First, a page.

09:45am Tuesday 24 October 2017

To mark World Hepatitis Day the PHA is urging those at risk to get tested

To mark World Hepatitis Day the PHA is urging those at risk to get tested

Ahead of World Hepatitis Day on Saturday 28 July, the Public Health Agency (PHA) is reminding people who think they may be at risk from hepatitis infection to get tested.  One in 12 people worldwide is living with either chronic hepatitis B or C. 

The latest figures from the PHA show that laboratory reported cases of Hepatitis B and C in Northern Ireland have increased slightly since 2010.  Latest figures show that in 2011 92 cases of hepatitis B and 113 cases of hepatitis C were recorded compared to 80 cases of hepatitis B and 106 of hepatitis C in 2010.

The hepatitis B infection is transmitted between people through contact with infected blood or other body fluids (i.e. saliva, semen and vaginal fluid). It is very unlikely that it can be contracted through kissing or sharing cutlery. The hepatitis C strain is spread through direct contact with infected blood; it is most commonly associated with intravenous drug use. It is very rarely passed on through other body fluids.

500 million people are living with chronic hepatitis B and C worldwide, but despite the huge numbers there is widespread ignorance of these diseases. People assume they are not at risk and as a result, they don’t come forward for testing and treatment.

The PHA is warning people that if you think you have been at risk, you should get tested.

Dr Maureen McCartney, Consultant in Health Protection, PHA, said: “The important thing to remember is that hepatitis can affect everyone.  We are urging people to come forward and get tested if you think you could have been at risk from either hepatitis B or C.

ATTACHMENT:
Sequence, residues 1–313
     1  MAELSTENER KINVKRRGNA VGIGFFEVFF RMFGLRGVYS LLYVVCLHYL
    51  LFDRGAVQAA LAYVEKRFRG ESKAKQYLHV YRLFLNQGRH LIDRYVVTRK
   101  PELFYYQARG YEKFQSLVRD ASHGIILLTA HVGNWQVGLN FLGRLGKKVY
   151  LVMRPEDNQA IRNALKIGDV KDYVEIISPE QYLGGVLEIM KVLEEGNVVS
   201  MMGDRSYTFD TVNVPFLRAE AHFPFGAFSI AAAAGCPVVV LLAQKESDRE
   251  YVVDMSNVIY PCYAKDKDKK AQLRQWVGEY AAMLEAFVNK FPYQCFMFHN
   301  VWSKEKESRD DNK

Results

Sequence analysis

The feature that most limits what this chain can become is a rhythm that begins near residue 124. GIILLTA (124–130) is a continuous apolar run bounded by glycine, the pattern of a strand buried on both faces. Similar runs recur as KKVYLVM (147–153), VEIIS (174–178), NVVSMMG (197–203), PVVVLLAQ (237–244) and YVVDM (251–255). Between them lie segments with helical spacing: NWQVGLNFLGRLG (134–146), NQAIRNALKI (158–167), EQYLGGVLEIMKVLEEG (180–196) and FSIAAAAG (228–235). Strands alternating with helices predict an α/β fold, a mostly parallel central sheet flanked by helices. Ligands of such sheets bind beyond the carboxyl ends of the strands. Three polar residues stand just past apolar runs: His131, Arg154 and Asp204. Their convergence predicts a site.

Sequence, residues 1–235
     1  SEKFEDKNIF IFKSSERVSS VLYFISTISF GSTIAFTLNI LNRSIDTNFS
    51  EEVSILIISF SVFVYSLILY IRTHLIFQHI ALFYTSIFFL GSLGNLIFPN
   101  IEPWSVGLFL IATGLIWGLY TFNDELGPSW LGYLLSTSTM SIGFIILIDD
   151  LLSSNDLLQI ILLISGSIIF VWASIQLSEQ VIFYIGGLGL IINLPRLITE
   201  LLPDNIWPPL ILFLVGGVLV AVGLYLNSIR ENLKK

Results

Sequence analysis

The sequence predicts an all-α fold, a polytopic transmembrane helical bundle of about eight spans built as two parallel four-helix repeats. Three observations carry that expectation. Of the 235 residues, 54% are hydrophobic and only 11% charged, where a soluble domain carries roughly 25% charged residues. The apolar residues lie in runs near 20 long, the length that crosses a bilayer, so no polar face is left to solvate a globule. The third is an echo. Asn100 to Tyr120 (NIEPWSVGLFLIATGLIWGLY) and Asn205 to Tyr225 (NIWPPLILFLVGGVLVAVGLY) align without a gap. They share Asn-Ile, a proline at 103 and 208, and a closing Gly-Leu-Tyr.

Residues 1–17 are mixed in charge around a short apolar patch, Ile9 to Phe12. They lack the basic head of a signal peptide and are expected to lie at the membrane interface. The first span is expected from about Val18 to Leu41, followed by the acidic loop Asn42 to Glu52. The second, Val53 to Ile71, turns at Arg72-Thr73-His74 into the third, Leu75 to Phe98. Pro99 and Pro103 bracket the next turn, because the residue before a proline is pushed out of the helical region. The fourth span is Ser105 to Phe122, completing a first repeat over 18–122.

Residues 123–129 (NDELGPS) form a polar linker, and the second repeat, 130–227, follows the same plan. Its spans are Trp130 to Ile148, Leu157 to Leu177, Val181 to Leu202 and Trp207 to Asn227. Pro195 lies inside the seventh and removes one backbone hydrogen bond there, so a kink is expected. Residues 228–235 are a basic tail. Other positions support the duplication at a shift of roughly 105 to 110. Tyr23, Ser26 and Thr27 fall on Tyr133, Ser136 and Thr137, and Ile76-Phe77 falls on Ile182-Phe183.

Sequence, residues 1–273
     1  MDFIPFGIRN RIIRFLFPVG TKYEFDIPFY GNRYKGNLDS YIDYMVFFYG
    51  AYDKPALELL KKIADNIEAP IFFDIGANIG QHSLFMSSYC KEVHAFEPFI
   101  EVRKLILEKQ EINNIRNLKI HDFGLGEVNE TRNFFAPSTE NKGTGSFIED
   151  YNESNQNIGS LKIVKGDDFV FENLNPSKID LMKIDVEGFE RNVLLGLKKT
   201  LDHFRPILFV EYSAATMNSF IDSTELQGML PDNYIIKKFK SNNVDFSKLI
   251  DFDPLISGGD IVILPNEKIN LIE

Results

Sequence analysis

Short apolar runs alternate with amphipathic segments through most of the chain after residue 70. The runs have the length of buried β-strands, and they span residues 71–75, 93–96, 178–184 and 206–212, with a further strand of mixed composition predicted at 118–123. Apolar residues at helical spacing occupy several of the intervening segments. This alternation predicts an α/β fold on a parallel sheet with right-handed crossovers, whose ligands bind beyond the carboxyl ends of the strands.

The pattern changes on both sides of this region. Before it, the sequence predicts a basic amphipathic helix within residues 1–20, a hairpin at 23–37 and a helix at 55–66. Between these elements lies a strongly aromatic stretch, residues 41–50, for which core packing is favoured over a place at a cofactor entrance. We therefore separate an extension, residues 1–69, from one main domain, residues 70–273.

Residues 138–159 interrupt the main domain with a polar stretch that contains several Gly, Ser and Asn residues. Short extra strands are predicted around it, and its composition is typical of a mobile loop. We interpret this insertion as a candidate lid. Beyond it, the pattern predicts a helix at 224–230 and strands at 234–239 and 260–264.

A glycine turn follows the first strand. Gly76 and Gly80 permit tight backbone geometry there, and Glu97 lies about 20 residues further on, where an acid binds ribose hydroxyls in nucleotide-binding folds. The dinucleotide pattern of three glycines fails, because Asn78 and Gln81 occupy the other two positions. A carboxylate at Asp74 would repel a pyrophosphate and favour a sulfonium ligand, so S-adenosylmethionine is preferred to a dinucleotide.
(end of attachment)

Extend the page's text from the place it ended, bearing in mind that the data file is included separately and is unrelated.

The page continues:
“It is also important to know about how to avoid becoming infected. Currently the greatest risk of contracting the infection in the UK is through sharing equipment for injecting drugs. It is important to stress that people who shared needles years ago, even just once, may be infected and have been undiagnosed for years. Other risks include, having medical or dental treatment in foreign countries with high levels of hepatitis C, having had a blood transfusion before September 1991 or having had tattoo or body piercing with non-sterile equipment.

“A hepatitis B vaccine is available and routine immunisation of at-risk groups is recommended. A vaccine for hepatitis C is not available; however, treatment for hepatitis C is improving all the time.

“So if people think they may have been exposed to the virus, even if this was many years ago, talk to your GP or nurse and get tested.”

World Hepatitis Day aims to prompt people to think about the huge scale of hepatitis infection globally, about whether they may be at risk and if so, to get tested and also about how to avoid becoming infected. The long-term objective of the day is to prevent new infections and to deliver real improvements in health outcomes for people living with hepatitis B and C. 

Notes to the editor


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